Media Literacy – the digital alphabet song

Image: Rawpixel /

Today the different media provide us with greater access to information than ever in history. Moreover, media practices are changing: instead of being external spectators and information receivers, people have become content creators and they interact with the information in various ways.

These opportunities also present us with challenges, making media literacy skills more important than ever. Furthermore, digital media require us not only to focus on technical ability but also on the broader social, ethical, legal and economic aspects of digital use. To this end we have selected for you the following three examples of media education.

The Danish Film Institute: the educational power of films in the classrooms

The long-standing relationship between the Danish film industry and the Ministry of Education begun in 1972 with the National Film Act (revised in 1982) with an objective of ensuring ‘the right of children to experience artistic reflection on the realities of life’.

Since then, the Danish Film Institute (DFI) has been safeguarding this relationship by providing films and related educational materials for classrooms and helping teachers to enhance their teaching methods.

The DFI offers a variety of educational activities, such as:

  • Online streaming of films to schools by Filmcentralen. About 90% of schools are subscribed to the film service, which has about 1600 films to offer, mainly short fiction and documentaries. Filmcentralen provides also teaching materials and study guides.
  • The ‘School Cinema’ programme uses local cinemas as a classroom. It currently involves 120 cinemas and covers 80% of the country’s municipalities, benefiting around 235,000 participants each year. All the films come with free educational material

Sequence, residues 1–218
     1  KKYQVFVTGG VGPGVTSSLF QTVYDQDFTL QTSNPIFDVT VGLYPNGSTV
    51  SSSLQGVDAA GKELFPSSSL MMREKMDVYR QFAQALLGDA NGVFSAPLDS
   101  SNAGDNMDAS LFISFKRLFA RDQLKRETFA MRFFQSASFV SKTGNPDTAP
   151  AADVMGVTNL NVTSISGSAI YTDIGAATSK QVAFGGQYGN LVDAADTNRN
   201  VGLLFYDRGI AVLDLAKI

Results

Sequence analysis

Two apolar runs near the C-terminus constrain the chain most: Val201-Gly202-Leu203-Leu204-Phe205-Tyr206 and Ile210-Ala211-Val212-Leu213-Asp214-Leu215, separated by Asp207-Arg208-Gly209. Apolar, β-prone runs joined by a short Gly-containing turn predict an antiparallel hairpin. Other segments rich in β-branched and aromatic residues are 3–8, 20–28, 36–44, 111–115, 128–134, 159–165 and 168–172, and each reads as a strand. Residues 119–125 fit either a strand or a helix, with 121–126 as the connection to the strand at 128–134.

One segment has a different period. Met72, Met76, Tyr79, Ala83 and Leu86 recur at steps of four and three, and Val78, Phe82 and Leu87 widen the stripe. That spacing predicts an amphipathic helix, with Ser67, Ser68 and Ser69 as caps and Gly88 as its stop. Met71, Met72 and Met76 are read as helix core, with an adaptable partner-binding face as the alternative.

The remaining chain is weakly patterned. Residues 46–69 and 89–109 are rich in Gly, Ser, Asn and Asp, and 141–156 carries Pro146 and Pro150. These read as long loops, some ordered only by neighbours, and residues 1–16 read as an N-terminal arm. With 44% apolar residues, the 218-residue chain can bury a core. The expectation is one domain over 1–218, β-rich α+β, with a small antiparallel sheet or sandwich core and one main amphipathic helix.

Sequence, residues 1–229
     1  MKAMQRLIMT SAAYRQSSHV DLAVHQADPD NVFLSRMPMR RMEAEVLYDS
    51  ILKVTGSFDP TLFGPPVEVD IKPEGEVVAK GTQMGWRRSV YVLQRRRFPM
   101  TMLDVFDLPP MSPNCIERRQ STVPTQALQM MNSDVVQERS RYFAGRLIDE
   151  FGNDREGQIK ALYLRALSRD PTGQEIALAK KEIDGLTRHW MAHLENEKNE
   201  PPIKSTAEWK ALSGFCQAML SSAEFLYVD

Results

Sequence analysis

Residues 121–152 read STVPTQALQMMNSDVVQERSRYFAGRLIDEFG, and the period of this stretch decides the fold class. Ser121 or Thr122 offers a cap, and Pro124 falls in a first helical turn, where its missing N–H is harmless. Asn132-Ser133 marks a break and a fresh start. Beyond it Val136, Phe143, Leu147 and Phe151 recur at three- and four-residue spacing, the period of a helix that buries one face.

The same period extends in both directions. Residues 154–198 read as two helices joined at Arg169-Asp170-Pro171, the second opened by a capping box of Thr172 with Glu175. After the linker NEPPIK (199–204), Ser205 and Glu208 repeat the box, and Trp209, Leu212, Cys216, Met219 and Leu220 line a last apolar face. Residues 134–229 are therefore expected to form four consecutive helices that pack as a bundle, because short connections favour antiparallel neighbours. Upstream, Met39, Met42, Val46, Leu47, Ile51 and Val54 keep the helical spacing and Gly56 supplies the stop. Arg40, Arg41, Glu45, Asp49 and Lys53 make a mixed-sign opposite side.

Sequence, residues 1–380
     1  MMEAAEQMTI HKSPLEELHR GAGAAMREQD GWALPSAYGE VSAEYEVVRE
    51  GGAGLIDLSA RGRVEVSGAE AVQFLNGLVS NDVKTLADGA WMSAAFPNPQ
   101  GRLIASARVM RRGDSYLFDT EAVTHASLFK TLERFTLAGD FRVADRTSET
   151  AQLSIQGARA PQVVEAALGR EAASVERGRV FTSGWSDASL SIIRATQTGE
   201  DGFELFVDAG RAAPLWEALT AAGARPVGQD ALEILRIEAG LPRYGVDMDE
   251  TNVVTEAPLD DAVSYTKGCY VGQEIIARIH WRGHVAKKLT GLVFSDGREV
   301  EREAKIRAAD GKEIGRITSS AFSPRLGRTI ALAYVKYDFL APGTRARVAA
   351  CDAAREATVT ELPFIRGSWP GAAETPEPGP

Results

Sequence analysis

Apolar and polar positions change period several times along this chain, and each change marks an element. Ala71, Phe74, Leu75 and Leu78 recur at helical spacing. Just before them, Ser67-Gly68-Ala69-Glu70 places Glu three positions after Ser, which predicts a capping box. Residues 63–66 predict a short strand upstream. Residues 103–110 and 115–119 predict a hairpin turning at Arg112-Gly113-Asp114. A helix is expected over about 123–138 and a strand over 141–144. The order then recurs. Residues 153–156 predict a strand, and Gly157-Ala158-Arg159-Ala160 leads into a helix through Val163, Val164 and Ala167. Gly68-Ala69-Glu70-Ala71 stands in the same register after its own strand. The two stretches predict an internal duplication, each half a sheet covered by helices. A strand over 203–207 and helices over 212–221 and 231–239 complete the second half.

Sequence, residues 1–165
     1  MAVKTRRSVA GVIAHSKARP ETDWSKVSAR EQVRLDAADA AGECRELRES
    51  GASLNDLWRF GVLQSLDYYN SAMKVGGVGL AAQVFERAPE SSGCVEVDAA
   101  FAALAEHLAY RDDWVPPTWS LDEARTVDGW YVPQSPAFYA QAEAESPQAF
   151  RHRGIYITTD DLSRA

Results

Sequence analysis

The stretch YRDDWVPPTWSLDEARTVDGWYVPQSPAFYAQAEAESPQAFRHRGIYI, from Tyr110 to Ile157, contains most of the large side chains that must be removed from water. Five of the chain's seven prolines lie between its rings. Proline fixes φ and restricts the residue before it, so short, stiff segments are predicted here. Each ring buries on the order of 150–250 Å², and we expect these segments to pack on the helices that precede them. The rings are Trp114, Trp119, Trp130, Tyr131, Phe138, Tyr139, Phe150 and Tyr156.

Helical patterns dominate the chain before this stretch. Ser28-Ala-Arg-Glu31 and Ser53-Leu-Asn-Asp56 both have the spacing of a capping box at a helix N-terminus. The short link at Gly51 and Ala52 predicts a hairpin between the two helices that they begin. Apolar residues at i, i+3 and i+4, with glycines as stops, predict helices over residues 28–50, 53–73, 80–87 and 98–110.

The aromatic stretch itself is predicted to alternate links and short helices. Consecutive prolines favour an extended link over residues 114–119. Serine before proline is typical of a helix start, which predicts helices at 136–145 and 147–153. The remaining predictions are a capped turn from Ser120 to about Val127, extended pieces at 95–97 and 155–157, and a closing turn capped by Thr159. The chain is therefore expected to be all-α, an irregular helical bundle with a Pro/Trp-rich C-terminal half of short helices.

• FILM-X, a computer-based interactive film studio in Copenhagen, allows children to discover for themselves how a film is made and try out different roles as director, actor or editor. 

CLEMI: the French media and information centre

The CLEMI is responsible for media education in France. The centre’s goal is to arm students with skills that will make them competent in reading and deciphering information and images, will sharpen their critical thinking, and finally will teach them how to form and express their opinions responsibly. 

CLEMI provides training opportunities and educational support to teachers of primary and secondary education. It also provides access to a rich gallery of resources, where teachers can find publications, documentaries, teaching materials and videos.

Teachers can also find tutorials on how to create media, newspapers, blogs and websites, or even a web radio, with the participation of their students. This is a great opportunity for students to develop skills in media production and subsequently develop their linguistic skills, techniques of information and communication, civic competences, and initiative.

In 2016, CLEMI organised the event La Journée du Direct, where the students had the opportunity to produce news in the form of text, images, sound and video. For 2017, CLEMI is preparing the annual Educational Week of the press and media in schools (la Semaine de la presse et des médias dans l’école) taking place on 20-25 March.

Students’ Online Safety: European students create narratives/a European project

A very important aspect of digital literacy is to raise awareness regarding the risks of the Internet.

Between 2012 and 2014, the Lifelong Learning Programme project Students' Online Safety aimed to inform students, teachers and parents about the challenges brought by the use of digital devices, and to provide guidelines to support young people’s responsible use of digital devices and the Internet. The project focused specifically on four topics: cyberbullying, online reputation, sexting, and smartphones.

The eight project partners from different European countries involved each around 25 students, aged 15, in creating theatrical performances, video clips, posters and leaflets. While doing so the students were able to express their concerns and questions, receive accurate information, and learn about safe and correct use of digital devices. Find all the project results and outcomes here